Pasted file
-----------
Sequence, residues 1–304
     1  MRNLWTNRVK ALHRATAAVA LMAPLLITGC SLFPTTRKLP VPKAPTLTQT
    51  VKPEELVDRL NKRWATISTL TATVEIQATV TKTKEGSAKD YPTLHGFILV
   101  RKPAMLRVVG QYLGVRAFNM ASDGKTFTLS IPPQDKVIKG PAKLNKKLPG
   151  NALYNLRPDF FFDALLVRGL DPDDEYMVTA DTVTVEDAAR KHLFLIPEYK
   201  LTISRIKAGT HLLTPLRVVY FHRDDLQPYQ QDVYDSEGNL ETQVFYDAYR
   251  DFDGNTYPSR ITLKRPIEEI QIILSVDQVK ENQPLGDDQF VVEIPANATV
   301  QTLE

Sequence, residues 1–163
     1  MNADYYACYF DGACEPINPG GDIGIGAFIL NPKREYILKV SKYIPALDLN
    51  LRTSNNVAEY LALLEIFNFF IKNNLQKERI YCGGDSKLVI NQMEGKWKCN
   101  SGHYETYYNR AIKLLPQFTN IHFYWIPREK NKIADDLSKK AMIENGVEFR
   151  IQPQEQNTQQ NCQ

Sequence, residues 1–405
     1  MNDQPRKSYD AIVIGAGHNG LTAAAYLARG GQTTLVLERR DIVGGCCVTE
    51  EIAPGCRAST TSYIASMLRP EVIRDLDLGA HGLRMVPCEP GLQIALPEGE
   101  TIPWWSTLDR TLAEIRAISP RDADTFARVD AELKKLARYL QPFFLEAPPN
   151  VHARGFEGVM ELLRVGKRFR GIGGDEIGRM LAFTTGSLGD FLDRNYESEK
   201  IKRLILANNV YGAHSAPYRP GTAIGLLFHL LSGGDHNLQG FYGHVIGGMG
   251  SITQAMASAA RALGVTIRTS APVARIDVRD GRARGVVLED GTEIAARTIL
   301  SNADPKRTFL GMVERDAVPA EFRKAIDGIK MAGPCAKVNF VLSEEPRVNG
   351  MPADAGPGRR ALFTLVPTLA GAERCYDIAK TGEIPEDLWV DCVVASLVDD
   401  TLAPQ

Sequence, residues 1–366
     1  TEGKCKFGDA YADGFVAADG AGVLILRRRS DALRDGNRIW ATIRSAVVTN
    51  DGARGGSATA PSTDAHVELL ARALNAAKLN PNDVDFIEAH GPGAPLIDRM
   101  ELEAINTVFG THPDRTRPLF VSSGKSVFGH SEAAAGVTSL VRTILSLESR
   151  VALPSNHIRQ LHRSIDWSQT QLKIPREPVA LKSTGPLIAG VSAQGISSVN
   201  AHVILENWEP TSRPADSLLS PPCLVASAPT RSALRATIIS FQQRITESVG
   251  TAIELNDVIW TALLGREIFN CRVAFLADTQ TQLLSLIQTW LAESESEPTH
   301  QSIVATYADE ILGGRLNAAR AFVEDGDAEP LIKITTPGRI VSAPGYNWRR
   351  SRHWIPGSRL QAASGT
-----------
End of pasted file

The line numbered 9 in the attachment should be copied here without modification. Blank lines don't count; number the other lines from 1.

Sequence, residues 1–163